This question already has an answer here:
I'm clustering a largeish dataset (3-4 million rows, 3+ features, all numeric), and I'm clustering with a large k (f~=2000). I'm not actually interested in finding clusters, I and just using kmeans because it relatively evenly partitions non-clustered data (by count). I need all clusters to be assigned to at least some data (ideally enough to do a linear regression on that cluster, so >50), but quite often the clustering fails and some clusters do not get assigned:
>>> mbkmeans = MiniBatchKMeans(n_clusters=2187) >>> len(np.unique(mbkmeans.fit_predict(X))) # .../k_means_.py:1381: RuntimeWarning: init_size=300 should be larger than k=2187. Setting it to 3*k init_size=init_size) 2165 >>> kmeans.n_iter_ 12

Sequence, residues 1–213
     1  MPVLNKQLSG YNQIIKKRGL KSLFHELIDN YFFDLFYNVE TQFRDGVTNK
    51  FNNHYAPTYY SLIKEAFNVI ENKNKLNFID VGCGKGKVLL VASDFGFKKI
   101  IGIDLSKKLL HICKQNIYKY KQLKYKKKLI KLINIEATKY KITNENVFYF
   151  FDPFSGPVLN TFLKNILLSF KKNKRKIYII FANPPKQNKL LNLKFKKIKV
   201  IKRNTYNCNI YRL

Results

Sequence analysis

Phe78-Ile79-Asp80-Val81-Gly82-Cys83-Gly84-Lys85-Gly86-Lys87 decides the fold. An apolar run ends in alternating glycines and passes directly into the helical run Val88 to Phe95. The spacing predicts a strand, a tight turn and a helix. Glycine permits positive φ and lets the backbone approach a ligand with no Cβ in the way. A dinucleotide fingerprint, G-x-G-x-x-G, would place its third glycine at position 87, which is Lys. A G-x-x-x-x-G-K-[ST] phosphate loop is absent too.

This is not due to duplicated data - in each dataset there are no more than 5% duplicated rows. I suspect it is due to the problem described at http://user.ceng.metu.edu.tr/~tcan/ceng465_f1314/Schedule/KMeansEmpty.html, whereby cluster centres end up in a no-man's land between two or more other clusters that are closer to all the intermediate data.
So, the question is, is there any general procedure for avoiding this problem?
And in particular, is there a way to do that in scikit-learn? Or is there a better set of arguments than the default for MiniBatchKmeans that I could use (there are a couple that I don't fully understand)?